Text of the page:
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Homestead on the range

Posted: Sunday, August 08, 2004

Visitors to the town of Funny River may soon start trading in their fly rods and hip waders for nine irons and golf spikes.

The town, located 12 miles down Funny River road to the east of Soldotna, is well-known for its prime salmon fishing and laid-back atmosphere. But starting this summer, golfers have begun trickling into town as word has spread of the town's newest attraction, the nine-hole Bird Homestead Golf Course.

The course is the pet project of Elmer and Patsy Bird, the Funny River couple who originally homesteaded on the land where the golf course now sits. Patsy Bird said last week that one day she got tired of trying to get tee times at the other two courses in the area. Since the couple was sitting on plenty of vacant land, they decided to go ahead and start work on their own course.

"I tried to get a tee time at Kenai and Birch Ridge and I couldn't get one," she said. "We needed to do something with the homestead, so ..."

That was five years ago. This June, the dream of bringing golf to Funny River was realized when the nine-hole, par-37 layout opened for business.

 

Pat Bird watches golfers from the clubhouse deck.

Photo by M. Scott Moon

The course is still a little rough in places, as it's not easy to get grass to grow consistently across 3,250 yards of fairway and greens. But things are moving along nicely, and Bird said she's pleased with the progress the course has made.

"It's been coming in pretty good," she said.

The layout was designed by the Birds as well as just about anyone who wanted to give some input. It's distinguishing feature is its back and forth fairways, with six of the holes including doglegs that take golfers through a variety of turns that range from gentle to severe.

The process of designing the course was right in line with how the construction was done, Bird said, with pretty much anyone who wanted to help out chipping in.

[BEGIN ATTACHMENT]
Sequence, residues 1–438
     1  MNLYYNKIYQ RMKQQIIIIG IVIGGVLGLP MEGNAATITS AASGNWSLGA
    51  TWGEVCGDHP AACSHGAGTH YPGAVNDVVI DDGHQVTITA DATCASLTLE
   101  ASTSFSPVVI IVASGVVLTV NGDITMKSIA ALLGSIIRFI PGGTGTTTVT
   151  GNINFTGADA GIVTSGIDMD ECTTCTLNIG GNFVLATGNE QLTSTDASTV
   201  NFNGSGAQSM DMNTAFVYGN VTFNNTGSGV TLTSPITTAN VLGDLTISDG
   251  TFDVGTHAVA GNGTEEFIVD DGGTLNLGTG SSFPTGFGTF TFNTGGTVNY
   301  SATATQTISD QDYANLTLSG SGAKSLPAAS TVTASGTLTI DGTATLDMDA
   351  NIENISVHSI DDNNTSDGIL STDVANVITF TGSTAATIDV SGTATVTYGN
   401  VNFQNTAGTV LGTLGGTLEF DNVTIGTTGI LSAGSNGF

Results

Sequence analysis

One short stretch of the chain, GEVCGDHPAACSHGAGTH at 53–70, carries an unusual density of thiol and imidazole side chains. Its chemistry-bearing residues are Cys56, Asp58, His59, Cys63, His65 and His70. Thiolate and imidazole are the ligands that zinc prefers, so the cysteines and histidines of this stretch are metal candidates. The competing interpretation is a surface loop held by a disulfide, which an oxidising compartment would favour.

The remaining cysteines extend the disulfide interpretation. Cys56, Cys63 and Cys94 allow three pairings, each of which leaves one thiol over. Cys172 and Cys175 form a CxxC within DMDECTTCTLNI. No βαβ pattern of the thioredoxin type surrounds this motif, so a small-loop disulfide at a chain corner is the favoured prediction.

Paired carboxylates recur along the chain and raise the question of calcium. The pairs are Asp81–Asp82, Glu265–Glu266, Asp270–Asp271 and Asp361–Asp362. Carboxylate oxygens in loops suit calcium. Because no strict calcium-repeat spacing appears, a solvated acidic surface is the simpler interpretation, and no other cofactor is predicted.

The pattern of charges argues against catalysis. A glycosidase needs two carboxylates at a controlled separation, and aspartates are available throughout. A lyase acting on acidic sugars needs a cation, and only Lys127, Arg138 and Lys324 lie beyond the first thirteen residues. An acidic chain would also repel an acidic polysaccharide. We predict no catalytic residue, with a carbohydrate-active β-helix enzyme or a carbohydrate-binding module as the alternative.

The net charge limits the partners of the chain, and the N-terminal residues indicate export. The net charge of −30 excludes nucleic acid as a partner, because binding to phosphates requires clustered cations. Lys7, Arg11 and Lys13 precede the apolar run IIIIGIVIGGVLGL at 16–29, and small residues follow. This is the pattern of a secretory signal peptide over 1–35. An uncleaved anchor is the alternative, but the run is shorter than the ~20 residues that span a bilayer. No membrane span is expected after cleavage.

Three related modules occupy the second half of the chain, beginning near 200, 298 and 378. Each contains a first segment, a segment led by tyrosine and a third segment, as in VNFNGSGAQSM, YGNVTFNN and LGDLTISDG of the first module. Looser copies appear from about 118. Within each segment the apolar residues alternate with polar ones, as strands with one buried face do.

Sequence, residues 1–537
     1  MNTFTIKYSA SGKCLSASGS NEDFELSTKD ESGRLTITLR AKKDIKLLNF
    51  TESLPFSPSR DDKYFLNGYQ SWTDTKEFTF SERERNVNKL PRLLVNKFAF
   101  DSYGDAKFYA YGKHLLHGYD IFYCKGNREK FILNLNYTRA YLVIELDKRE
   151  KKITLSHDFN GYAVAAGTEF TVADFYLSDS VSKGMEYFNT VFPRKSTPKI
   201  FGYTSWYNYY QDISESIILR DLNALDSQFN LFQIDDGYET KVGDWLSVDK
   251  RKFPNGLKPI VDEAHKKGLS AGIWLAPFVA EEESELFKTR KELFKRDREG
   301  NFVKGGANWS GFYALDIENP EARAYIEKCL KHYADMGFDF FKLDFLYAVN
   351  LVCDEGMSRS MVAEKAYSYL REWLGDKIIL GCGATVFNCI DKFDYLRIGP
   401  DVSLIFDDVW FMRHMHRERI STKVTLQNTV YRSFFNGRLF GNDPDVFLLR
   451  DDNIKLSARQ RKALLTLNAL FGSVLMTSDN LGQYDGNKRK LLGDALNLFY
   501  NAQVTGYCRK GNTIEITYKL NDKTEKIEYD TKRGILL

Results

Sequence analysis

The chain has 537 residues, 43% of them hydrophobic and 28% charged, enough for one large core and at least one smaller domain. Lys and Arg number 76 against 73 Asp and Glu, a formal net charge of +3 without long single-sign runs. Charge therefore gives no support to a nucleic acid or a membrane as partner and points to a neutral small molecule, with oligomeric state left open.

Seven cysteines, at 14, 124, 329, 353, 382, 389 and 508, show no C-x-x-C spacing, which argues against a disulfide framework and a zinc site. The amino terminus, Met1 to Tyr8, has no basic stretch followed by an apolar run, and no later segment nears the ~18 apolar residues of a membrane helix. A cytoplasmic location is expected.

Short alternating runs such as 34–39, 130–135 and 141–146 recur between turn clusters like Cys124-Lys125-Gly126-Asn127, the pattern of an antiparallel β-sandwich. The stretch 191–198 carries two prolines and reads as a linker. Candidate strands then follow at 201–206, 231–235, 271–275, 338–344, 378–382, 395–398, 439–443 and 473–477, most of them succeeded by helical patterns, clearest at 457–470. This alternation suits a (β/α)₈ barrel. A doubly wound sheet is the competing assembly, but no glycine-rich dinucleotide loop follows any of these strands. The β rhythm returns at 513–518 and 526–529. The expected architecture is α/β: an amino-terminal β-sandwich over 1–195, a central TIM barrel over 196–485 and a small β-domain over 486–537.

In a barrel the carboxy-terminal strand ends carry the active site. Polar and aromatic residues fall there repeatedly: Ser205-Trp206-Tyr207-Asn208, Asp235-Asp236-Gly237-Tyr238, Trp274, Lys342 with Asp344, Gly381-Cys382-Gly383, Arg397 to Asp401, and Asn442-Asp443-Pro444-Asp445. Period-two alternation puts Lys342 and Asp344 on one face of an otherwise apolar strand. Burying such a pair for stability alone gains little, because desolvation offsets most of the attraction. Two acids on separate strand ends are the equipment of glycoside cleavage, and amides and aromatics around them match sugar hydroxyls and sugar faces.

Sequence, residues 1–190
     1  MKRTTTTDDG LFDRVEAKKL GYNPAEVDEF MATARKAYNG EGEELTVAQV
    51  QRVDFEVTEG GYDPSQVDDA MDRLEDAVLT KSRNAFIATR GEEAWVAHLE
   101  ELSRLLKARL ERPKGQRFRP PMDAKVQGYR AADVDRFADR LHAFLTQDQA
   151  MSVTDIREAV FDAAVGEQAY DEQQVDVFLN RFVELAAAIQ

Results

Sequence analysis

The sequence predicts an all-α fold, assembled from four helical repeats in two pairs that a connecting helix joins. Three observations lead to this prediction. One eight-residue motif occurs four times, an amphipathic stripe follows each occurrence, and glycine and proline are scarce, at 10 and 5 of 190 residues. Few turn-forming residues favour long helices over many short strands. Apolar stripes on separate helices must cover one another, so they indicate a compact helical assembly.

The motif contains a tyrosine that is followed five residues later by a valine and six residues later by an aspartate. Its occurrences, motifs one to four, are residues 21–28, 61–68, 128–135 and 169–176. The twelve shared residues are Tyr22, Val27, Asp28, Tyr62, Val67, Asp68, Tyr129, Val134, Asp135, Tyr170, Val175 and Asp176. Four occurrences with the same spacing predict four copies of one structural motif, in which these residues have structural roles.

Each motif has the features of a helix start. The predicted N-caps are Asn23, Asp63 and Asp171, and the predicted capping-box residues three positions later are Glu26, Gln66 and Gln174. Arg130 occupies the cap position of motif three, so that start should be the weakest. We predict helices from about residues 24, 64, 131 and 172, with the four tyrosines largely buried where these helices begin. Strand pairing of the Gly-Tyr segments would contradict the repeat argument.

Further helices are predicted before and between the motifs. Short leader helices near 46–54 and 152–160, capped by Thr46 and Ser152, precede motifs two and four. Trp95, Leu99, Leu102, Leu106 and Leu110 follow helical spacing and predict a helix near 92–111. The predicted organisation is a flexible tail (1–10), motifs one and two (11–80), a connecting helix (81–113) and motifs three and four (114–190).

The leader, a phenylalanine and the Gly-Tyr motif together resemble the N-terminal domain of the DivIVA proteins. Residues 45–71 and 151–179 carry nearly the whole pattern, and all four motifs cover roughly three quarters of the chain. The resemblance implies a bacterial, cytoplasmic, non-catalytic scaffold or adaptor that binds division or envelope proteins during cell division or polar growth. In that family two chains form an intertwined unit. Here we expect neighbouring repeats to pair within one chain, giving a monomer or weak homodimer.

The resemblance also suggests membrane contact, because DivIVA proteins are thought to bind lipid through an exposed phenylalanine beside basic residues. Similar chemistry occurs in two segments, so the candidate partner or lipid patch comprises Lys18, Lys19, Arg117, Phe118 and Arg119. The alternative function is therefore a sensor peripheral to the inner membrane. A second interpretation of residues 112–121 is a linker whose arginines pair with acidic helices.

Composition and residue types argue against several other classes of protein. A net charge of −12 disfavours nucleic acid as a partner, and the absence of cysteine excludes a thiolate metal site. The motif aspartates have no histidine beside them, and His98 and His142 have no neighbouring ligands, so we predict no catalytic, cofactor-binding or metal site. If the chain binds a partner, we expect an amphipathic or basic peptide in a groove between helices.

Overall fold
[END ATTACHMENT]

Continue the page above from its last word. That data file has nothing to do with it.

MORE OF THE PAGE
"It's been a real group effort," she said. "We've been really fortunate with the help we've got."

In addition to the challenging layout, the Bird Homestead also is notable for its driving range, which is actually a small pond that utilizes floating golf balls. Bird said the range is both unique and useful.

"Our golf pro (Brian Cupit) says he loves it because anyone who can hit the pond can hit any fairway," she said.

The course also has a fully stocked clubhouse and cart rental facilities, meaning anyone from the seasoned pro to the weekend hacker can feel comfortable. In fact, Bird said that the laid-back atmosphere at the course may be its defining characteristic.

"There's no pressure, so new golfers might feel more comfortable here," she said.

So far, the response from local golfers to the new course has been positive, she said, and a lot of tourists to the area have stopped in to try the course out, as well.

"We have some regular golfers we can plan on showing up, a lot of newer golfers and a lot of people from Outside," she said.

Bird said the early success of the new course already has her looking toward the future. By next year, she said, all 18 holes should be ready for play, meaning the Bird Homestead course will be only the second 18-hole course on the peninsula.

That means a lot to her, especially since just a few years ago the land where the course sits was covered in spruce trees.

"It was so exciting when we first opened," she said. "We feel like we've really accomplished something, even though we've still got a lot of work left to do."



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